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I'm trying to write a python wrapper of a closed source C++ library that has an interface like this:

class Image
{
  public:
    :
    static Image ReadImage(const char *Filename);
    :
}

The problem is that for the python binding I need a pointer to an Image object, and not the object Image itself. If the method was a constructor I would just do:

Image img = new Image();

but I'm stuck on whether there is a corresponding syntax to a static method. I tried the following which does not work (at least not in g++ 4.8):

image img = new Image::ReadImage("foo.bar");

Of course I can work-around this by generating a wrapper class, but I'm wondering if that is really necessary?

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I fear you want a python class method ReadImage –  Dieter Lücking Nov 2 '13 at 18:31
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1 Answer

up vote 2 down vote accepted

You probably need to rely on the copy-ctor or move-ctor:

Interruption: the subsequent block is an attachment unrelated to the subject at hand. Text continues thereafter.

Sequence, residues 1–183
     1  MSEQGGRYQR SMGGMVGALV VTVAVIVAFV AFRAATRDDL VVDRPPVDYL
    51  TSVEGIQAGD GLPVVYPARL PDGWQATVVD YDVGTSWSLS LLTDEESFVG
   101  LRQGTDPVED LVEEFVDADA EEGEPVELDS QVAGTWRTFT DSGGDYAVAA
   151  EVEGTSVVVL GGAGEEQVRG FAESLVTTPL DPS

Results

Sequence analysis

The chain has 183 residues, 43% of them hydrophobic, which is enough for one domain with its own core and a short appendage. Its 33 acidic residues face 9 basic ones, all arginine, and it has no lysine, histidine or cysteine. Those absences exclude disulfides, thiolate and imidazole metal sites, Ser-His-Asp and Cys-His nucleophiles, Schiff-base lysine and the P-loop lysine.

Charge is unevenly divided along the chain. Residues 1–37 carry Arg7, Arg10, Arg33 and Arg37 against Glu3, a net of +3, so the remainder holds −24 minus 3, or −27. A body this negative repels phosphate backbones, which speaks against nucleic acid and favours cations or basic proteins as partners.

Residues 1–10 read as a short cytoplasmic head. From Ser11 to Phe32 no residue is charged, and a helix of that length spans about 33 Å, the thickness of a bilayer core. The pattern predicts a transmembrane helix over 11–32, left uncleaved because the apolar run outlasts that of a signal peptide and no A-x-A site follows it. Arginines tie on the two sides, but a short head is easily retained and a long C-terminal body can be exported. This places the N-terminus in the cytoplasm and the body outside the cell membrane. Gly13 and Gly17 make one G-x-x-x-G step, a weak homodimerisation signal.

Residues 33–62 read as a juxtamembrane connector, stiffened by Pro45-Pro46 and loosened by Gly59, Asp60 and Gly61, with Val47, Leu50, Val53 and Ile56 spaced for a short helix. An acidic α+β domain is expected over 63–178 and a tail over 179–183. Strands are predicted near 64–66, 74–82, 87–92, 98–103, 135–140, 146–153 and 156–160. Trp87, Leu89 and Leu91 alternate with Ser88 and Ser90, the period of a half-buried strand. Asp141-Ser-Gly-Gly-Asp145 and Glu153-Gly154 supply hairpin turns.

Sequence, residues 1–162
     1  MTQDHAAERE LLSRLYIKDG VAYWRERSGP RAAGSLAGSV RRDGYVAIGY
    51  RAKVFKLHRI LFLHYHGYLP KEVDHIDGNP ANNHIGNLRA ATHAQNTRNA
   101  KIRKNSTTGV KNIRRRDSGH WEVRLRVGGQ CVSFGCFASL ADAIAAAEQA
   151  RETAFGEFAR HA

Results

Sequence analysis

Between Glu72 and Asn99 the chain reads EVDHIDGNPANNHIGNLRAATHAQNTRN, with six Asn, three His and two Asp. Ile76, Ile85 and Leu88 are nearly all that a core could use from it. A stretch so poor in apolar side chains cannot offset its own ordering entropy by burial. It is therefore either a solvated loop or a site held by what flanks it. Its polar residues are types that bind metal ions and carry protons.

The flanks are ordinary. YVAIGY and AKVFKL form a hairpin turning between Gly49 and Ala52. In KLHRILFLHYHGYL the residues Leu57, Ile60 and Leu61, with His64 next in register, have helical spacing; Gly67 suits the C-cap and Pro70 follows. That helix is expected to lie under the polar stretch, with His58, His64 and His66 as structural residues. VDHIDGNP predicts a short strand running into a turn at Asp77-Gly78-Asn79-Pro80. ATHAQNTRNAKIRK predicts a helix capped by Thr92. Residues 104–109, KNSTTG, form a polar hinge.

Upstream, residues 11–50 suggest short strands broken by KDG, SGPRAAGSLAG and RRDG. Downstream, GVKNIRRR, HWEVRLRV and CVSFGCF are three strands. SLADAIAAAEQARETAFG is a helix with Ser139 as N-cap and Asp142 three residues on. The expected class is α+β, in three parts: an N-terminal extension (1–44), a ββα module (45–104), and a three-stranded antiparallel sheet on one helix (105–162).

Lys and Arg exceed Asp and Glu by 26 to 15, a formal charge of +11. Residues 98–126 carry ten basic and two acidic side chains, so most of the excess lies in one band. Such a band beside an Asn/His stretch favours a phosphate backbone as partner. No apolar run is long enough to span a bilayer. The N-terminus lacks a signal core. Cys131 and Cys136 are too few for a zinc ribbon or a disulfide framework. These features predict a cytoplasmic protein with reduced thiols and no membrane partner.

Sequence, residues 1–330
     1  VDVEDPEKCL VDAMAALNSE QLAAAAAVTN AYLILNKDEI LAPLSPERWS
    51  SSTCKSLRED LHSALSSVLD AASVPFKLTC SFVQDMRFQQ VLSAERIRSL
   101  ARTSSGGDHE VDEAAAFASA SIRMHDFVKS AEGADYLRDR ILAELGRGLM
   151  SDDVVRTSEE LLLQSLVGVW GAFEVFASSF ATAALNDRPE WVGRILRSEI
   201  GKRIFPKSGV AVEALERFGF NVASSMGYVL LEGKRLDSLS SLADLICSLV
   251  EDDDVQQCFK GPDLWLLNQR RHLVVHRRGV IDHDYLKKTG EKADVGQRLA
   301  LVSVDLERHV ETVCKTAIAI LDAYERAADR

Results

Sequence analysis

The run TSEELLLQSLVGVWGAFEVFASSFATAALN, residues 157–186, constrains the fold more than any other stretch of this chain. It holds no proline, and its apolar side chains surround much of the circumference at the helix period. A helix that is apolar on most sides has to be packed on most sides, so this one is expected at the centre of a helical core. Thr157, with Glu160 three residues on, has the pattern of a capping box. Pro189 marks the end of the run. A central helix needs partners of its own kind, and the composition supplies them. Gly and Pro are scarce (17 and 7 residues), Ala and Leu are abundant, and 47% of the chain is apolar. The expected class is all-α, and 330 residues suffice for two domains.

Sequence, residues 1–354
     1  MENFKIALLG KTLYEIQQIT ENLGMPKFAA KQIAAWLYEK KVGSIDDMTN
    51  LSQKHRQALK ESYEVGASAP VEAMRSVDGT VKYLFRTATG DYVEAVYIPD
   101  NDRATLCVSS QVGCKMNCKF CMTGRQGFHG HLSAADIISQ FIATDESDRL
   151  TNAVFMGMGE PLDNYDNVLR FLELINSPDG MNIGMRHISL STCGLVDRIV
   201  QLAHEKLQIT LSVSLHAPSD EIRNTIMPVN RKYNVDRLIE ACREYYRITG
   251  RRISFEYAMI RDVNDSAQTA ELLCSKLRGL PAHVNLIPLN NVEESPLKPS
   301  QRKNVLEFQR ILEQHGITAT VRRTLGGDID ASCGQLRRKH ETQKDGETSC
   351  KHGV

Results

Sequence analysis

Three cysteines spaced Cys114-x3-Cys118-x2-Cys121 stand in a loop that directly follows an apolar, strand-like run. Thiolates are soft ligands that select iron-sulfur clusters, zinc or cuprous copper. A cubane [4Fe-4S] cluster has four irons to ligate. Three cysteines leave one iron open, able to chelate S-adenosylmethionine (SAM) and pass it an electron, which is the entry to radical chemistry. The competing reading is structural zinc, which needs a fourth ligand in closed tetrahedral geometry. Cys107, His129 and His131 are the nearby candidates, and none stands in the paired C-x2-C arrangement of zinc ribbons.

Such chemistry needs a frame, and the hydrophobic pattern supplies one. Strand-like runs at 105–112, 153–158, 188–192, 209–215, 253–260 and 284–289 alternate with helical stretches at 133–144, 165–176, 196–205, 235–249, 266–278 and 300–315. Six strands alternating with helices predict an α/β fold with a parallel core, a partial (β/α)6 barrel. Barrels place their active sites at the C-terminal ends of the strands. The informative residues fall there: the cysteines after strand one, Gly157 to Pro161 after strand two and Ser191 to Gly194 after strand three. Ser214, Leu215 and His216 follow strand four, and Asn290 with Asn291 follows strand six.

Image* img = new Image(Image::ReadImage("foo.bar"));
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(If dynamic storage duration is required; maybe putting it in a map or on the stack is sufficient.) –  dyp Nov 2 '13 at 18:13
    
(If dynamic storage duration is required, use std::unique_ptr because otherwise your code is exception-unsafe and unmaintainable.) –  rightfold Nov 2 '13 at 18:15
    
Thanks, Daniel! Luckily there was a working copy constructor, so your construct worked. I will accept this as an answer, though it would not work if there was no copy constructor. –  Dov Grobgeld Nov 2 '13 at 18:18
    
@DyP I was trying to avoid making assumptions about the API that needs to be satisfied with this Python binding as the binding may take over the ownership. –  Daniel Frey Nov 2 '13 at 18:19
    
@DanielFrey My comments aren't always meant as criticism. Your answer is quite short, so I wanted to add that it isn't the only solution :) –  dyp Nov 2 '13 at 18:23
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